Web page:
March 22, 2012
Whenever you post something, anything, on Twitter or Facebook- or any other form of “social media” for that matter- know that they will be picked up, stored and analyzed by a RAND-corporation social scientist.
In a document titled Using Social Media to Gauge Iranian Public Opinion and Mood After the 2009 Electionthe authors have set out to reveal their findings after having collected thousands of tweets from the Iranian people in the months following the Iranian elections of 2009. The globalist think tank complained about the shortcomings of just scanning through Iranian blogs and such. In order to assess the Iranian zeitgeist, RAND turned to an extraordinary computer-program called LIWC:
“Given the shortcomings of the manual approach, using a computerized method to study the content of social media can serve as a useful complement, compensating for some of these limitations. Such a tool exists: an automated content analysis program called “Linguistic Inquiry and Word Count 2007” (LIWC, pronounced “Luke”).”
“Focusing on Twitter, we used LIWC as a means of tapping into Iranian public opinion and mood during the tumultuous months following the highly controversial 2009 presidential election”, the report states.
Admitting that the probing and analyzing of Iranian tweets serves the national security interests of the United States, the RAND researchers in the same breath admit:
“Given that LIWC is largely untried in non-Western political contexts, we used Iran during this period as a test case. On the one hand, we sought to shed light on how public opinion and mood evolved after the 2009 election. But at the same time, we intended to examine the validity of a new methodology—one incorporating the LIWC tool—for analyzing foreign public sentiment on political topics, as expressed through the social media platform, Twitter.”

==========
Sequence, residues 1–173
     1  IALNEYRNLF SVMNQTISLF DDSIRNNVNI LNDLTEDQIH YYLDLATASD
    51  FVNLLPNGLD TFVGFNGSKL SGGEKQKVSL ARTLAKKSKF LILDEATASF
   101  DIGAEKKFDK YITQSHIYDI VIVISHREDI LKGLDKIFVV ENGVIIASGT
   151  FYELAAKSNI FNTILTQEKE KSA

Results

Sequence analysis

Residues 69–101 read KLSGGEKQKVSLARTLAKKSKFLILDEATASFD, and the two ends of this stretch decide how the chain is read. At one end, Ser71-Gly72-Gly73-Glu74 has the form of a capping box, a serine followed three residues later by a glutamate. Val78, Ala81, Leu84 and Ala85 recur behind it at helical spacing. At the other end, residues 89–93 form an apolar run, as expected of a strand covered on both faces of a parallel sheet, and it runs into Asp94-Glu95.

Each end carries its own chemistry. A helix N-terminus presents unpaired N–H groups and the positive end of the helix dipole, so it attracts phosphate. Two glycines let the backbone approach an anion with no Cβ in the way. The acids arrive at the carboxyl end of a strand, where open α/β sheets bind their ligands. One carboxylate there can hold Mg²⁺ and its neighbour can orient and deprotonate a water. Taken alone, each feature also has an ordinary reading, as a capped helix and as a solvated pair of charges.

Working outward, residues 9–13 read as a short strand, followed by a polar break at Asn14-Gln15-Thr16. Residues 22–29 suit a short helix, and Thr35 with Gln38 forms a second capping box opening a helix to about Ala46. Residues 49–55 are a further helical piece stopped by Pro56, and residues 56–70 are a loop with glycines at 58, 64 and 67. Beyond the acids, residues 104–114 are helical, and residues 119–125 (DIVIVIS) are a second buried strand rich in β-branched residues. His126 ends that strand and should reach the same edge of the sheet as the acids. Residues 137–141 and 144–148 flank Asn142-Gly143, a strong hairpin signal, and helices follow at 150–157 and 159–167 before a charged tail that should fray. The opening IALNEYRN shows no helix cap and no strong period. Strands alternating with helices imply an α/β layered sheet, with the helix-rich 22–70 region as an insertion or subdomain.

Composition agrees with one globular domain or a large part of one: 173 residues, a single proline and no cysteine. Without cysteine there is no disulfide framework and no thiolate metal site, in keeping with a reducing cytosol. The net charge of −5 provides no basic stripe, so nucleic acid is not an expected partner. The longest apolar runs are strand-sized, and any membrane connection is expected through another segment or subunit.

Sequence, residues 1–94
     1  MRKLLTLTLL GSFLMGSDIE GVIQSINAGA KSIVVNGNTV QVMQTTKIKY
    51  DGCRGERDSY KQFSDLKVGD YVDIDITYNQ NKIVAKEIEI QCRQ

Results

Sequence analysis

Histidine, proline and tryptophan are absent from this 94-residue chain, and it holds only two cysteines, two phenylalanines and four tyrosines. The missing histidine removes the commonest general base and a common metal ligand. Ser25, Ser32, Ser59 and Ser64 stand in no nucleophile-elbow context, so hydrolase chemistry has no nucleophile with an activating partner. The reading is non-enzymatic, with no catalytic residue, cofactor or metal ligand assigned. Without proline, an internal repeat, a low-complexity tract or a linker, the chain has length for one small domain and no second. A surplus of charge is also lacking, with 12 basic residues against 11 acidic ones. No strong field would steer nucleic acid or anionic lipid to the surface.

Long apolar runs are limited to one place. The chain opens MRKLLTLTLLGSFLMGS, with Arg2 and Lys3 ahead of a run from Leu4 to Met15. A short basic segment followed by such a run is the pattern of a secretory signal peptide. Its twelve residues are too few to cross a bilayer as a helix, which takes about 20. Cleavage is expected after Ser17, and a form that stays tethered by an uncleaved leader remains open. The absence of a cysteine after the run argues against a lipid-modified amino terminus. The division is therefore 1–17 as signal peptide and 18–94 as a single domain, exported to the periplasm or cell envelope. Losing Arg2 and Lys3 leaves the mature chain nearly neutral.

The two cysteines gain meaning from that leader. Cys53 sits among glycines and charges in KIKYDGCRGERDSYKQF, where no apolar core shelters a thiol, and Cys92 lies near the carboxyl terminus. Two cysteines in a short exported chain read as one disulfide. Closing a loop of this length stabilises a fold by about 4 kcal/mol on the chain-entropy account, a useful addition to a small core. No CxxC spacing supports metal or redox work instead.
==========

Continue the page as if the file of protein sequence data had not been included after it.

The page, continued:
The results, according to the authors, are so full of promise that they seek to expand the program even further. Under the header “Expanding the Scope of the Current Work” they state:
“To extend this current work, applying the methodology to other forms of social media is an obvious next step. For instance, we have conducted initial analyses of Iranian, Persian-language blogs, and of political leaders’ Facebook postings, which are not reported here.”
The authors are aware of the implications of their research when it comes to national security “interests”:
“We could also extend the current research by looking across more than one country at a time to gauge the sentiments that social media users in each country express on topics of interest to them all.”, the report continues.
“For example, using the current methodology, it is possible to compare sentiments expressed across Iran, Pakistan, and other countries on topics including the United States, nuclear weapons, and domestic political issues. Other extensions of the current research could focus on Asian countries that are high on the national security agenda, such as China and Taiwan, or on Middle Eastern countries where political protests in early 2011 were reportedly influenced by social media use, such as Egypt and Tunisia.”
Because the methods used by RAND were retrospective in nature, the authors envision using this and other software for monitoring of international conflicts “as they unfold”:
“A final way to extend the current methodology is to build a real-time tracking tool for social media texts. Such a tool could automatically download texts as they are posted, run them through a parsing algorithm, and place them into a database for processing through LIWC (or other software). Using such a tool, it would be possible to view and analyze patterns in written texts almost as quickly as they unfold. Given the policy relevance of our findings, these recommendations for validation and extensions of the methodology illustrate the potential of analyzing social media to understand public mood and opinion in various populations of interest.”
This expanded RAND-program is no doubt already fully operational, as the new world order further tightens its grip on all of humanity.
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